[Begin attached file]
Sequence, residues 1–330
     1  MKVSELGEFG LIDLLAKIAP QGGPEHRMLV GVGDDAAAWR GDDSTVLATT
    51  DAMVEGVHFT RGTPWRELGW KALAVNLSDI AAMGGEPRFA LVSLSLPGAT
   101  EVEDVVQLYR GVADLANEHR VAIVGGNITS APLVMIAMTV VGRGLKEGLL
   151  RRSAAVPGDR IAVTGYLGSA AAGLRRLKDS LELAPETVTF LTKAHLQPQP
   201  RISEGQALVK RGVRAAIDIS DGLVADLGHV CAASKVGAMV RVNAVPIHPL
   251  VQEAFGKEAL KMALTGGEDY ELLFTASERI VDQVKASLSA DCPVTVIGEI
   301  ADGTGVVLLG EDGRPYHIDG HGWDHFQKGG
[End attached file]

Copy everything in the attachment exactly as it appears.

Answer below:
Sequence, residues 1–330
     1  MKVSELGEFG LIDLLAKIAP QGGPEHRMLV GVGDDAAAWR GDDSTVLATT
    51  DAMVEGVHFT RGTPWRELGW KALAVNLSDI AAMGGEPRFA LVSLSLPGAT
   101  EVEDVVQLYR GVADLANEHR VAIVGGNITS APLVMIAMTV VGRGLKEGLL
   151  RRSAAVPGDR IAVTGYLGSA AAGLRRLKDS LELAPETVTF LTKAHLQPQP
   201  RISEGQALVK RGVRAAIDIS DGLVADLGHV CAASKVGAMV RVNAVPIHPL
   251  VQEAFGKEAL KMALTGGEDY ELLFTASERI VDQVKASLSA DCPVTVIGEI
   301  ADGTGVVLLG EDGRPYHIDG HGWDHFQKGG